San Marcos GrowersSan Marcos Growers
New User?
Wholesale Login
Enter Password
Home Products Purchase Gardens About Us Resources Contact Us
Search Utilities
Plant Database
Search by Plant Name
Advanced Search
Search by size, origins,
color, cultural needs, etc.
Website Search
Search for any word
Site Map
Retail Locator
Plant Listings

PLANT TYPE
PLANT GEOGRAPHY
PLANT INDEX
ALL PLANT LIST
PLANT IMAGE INDEX
PLANT INTROS
SPECIALTY CROPS
NEW  2020 PLANTS

PRIME LIST
  for NOVEMBER


 Weather Station

 
Products > Senecio praecox
 
Senecio praecox - Broomstick Tree
   

[2nd Image]
Habit and Cultural Information
Category: Succulent
Family: Asteraceae (Sunflowers)
Origin: Mexico (North America)
Flower Color: Yellow
Bloomtime: Spring
Synonyms: [Pittocaulon praecox, Cineraria praecox]
Height: 10-16 feet
Width: 4-6 feet
Exposure: Full Sun
Irrigation (H2O Info): Low Water Needs
Winter Hardiness: 25-30° F
Senecio praecox (Broomstick Tree) - An unusual looking upright deciduous shrub or small tree to 15 feet tall with thick smooth grey-brown stems that bear, crowded at their tips, 3-4 inch long by 2 inch wide bright green slightly 3 lobed leaves. In the spring prior to the new leaves emerging appear clusters (corymbs) of small bright yellow daisy flowers. Plant in full sun in a well-drained soil. Tolerant of fairly dry conditions in summer months, though this is its growing season so will grow better with occasional summer irrigation. We believe this plant hardy to around 25° F as it has withstood short duration temperatures to this low in our nursery and several Santa Barbara area gardens during the Janurary 2007 cold spell when temperatures dropped to 25° F three nights in a row. After flowering two to four new branches appear at the point on the stem of the inflorescence, creating the unusual and gawky looking form that seems better suited to a Doctor Seuss book than real life. These stems, often showing scars from the leaf bases, consist of a thick water storing pith that expands when water is abundant and shrink as the stored water is used through the dry season. This pith is surrounded by a thin cylinder of xylem which is in turn surrounded by a thick, water-storing bark. This plant was long been in cultivation as Senecio praecox. In Gordon Rowley's “Succulent Compositae” he notes that this plant was in cultivated as early as 1829 by the Swiss botanist Augustin Pyramus de Candolle who is credited with naming the plant. In 1973 there was nomenclatural work that removed this plant from the huge Senecio genus (Brettell, R D; Robinson, Harold Ernest, "Studies in the Senecioneae (Asteraceae). A new genus, Pittocaulon" Phytologia V. 26 pg 451—453, 1973) and this plant became a species of Pittocaulon, a genus with five species that all come from the drier areas of central and southern Mexico. We first listed this plant using the name Pittocaulon praecox in our 2009 catalog we used the name . Most current nomenclatural databases however have gone back to the original name of Senecio praecox and so we have followed this treatment. The name Senecio comes from the Latin word 'senex' meaning "old" or "old man" in reference to its downy head of seeds and Pittocaulon is in reference to the pitch (pitto) that is evident on the stems (caulon). The specific epithet means "very early", "earlier" or "premature" in reference to the flowers coming out before the leaves. The long bare branches without their leaves can look a bit like a broomstick, giving the plant the common name of broomstick tree, though the common names in Mexico are 'palo loco' (crazy tree) or 'palo bolo' (silly tree) because this plants odd structure and flowering that occurs at the end of the dry season in habitat, well before other associated plants. Our thanks go out to our friend John Bleck who has continually supplied cutting wood as we worked to determine how to root this unusual plant.  The information on this page is based on research conducted about this plant in the San Marcos Growers library, from online sources, and from observations made of the crops growing in our nursery, plants in the nursery's garden and those in other gardens where we may have observed it. We also have incorporated comments received from others and welcome getting feedback from those who may have additional information, particularly if this information includes cultural information that would aid others in growing Senecio praecox.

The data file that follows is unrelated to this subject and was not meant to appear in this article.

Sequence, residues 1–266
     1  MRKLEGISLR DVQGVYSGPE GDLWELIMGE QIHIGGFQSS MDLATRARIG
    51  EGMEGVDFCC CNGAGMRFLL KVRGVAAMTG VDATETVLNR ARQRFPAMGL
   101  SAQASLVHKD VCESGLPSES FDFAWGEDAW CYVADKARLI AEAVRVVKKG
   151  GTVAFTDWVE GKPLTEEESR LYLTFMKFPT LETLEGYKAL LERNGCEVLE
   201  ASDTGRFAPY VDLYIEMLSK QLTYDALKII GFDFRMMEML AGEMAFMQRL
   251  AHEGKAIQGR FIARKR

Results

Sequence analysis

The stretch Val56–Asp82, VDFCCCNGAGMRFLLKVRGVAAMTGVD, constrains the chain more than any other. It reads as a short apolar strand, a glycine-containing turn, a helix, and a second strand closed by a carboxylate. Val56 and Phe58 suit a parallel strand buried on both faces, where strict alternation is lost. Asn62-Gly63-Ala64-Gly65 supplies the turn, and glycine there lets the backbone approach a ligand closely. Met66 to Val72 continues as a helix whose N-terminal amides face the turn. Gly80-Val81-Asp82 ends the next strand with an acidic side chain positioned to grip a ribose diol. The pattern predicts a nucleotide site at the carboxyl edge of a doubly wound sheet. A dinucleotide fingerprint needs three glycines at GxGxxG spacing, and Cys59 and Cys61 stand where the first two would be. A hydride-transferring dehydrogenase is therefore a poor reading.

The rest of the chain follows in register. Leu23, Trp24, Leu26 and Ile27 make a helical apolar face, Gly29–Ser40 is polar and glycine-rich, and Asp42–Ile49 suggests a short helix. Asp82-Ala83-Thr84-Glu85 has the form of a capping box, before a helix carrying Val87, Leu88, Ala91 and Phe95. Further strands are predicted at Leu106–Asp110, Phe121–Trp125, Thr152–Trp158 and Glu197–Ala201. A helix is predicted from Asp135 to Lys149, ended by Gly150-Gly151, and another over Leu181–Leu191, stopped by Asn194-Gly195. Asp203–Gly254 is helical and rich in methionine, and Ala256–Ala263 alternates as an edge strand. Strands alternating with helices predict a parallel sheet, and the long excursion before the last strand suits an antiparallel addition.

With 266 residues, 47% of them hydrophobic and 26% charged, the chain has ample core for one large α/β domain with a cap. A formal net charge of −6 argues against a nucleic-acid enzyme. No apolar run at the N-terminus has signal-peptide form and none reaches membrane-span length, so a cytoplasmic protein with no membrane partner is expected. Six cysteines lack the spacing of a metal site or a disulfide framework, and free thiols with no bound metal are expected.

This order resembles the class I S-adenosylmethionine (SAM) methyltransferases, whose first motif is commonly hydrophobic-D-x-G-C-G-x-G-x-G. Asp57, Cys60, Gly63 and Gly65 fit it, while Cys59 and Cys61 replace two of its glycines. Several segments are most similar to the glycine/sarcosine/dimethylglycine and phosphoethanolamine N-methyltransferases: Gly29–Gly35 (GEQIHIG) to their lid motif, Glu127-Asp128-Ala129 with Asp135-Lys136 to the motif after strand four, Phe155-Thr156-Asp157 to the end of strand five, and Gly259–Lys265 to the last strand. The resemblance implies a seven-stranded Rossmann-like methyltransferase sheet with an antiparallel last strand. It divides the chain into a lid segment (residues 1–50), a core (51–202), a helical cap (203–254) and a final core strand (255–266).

[MORE INFO]